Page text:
: Sit Down Girlie

Sit Down Girlie


The journal's most popular column is ‘Sit down Girlie’ which presents snippets on legal issues from a feminist viewpoint — with a touch of humour. Acknowledgments are due to a certain Registrar of the Family Court of Australia for the title of this column. A solicitor who was appearing before him was waiting patiently for her male colleague to finish addressing the JR. Assuming he had completed his submission, she rose to her feet — prematurely it appears — and the JR roared ‘Sit down girlie’!

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Girlie races into the new legal 
year with a hop, step and jump

Fanny First

Abortion inaction

Roe v Wade, the famous United States Supreme Court decision on abortion, is now 40 years old. But what a messy 40 years it has been for women. Many US States NOW have the most repressive anti-abortion laws in their history.  Miriam Claire published The Abortion Dilemma: Personal Views on a Public Issue in 1995, and a 2013 updated version notes that in some US states ‘abortion is now not an option … because threats and legal penalties against doctors who perform abortions have made the business of providing safe, legal abortions to women unsafe for medical practitioners and their support staff.’ (See also Miriam Claire, ‘A Woman’s Right to Choose Still a Public Battlefield’, The Age, 22 January 2013.)

(2013) 38(1) AltLJ 53


Girlie wraps up 2012

Hannah Kah, Mary Christmas and Issie Lamb

At last

Saudi female lawyers will finally be allowed to obtain practise licences. A Saudi newspaper has reported that on 8 October 2012 the Saudi Ministry of Justice gave its approval. The approval followed a series of discussions and consultations with experts and relevant bodies, both legal and religious, according to the Saudi al-Riyadh daily. Women with law degrees in Saudi Arabia have been allowed to work as legal consultants in companies or banks, but could not officially represent clients in court. They were, however, permitted to act as ‘representatives’ but were still not considered lawyers. The absence of a law licence also meant women could not open law firms in their own names.

(2012) 37(4) AltLJ 281


Girlie Advocates for Choice

Ada Vocate

Hanky Panky No Thank Ye

Mexico’s unsuccessful presidential candidate Josefina Vazquez Mota sounds like a most interesting woman. Not only was she game enough to stand for office in Mexico where drug-related murders are as common as cactus, she has also urged women to withhold ‘hanky panky’ from their partners for a month if they fail to vote in the elections on 1 July 2012 (The Age, 17 June 2012). Josefina is the first woman to represent a major party in Mexican presidential elections.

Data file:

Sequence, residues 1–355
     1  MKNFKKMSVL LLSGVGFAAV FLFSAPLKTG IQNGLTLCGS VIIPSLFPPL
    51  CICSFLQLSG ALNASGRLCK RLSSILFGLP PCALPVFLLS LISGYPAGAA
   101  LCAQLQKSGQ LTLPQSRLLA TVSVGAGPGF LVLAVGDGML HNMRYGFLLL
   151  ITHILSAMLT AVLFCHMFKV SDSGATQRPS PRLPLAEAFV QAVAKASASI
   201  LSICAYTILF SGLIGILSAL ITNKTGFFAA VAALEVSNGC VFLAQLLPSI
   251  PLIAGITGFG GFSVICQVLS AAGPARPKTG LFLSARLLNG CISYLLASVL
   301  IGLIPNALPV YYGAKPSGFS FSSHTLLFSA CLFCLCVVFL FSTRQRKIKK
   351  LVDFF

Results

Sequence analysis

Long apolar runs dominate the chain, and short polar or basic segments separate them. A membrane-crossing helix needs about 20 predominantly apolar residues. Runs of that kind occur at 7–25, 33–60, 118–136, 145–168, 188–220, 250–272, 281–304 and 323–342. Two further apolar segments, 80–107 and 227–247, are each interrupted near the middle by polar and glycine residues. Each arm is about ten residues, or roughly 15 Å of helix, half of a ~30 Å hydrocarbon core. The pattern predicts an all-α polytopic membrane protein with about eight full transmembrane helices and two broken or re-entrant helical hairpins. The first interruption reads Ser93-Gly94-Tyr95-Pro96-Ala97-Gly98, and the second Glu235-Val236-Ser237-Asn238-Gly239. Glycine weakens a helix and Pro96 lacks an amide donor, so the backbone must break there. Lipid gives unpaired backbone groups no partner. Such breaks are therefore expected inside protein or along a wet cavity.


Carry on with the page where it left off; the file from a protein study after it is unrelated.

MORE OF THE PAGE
(2012) 37(3) AltLJ 200


Girlie Stands Up for an End to Violence against Women

Maree Mee, Freda Om and Dee Vorse

Home Truths

A series of articles in The Sunday Age has highlighted the issue of violence against women. Mary Crooks, Executive Director of the Victorian Women’s Trust, published an opinion piece discussing men’s role in preventing violence against women (The Sunday Age, 18 March 2012) and Nicole Brady published The Home Truth About Violence (4 March 2012) and four other relevant pieces (11 March 2012). These can be viewed on the Victorian Women’s Trust website at http://www.vwt.org.au/initiatives-26-128.html.

(2012) 37(2) AltLJ 131


Girlie greets 2012 and asks 
how far have we come?

Anna List, Lexi Cog-Raffer and Pam Flateer

Prominent Purveyors of Porn Pack Up

In January 2012 the Los Angeles City Council voted 9 to 1 to approve an ordinance denying permits to porn makers whose actors do not wear condoms. There are, however, some interesting enforcement issues that have to be nutted out. LA is the porn capital of the US and film makers like Vivid and Evil Angel are threatening to spit the dummy and shoot elsewhere. They say the industry is already heavily regulated and current health laws provide protection for actors who have to be tested for STDs every 30 days while working. AIDS activists argue condoms are needed because the industry ignores state health regulations. Veteran porn actor/producer Tabitha Stevens says, of condoms, ‘If you want to wear them, wear them. If you don’t, don’t. That’s up to the talent to decide. 
It shouldn’t be up to the government to decide.’ (Source: John Rogers, Associated Press, 17 January 2012).

(2012) 37(1) AltLJ 58


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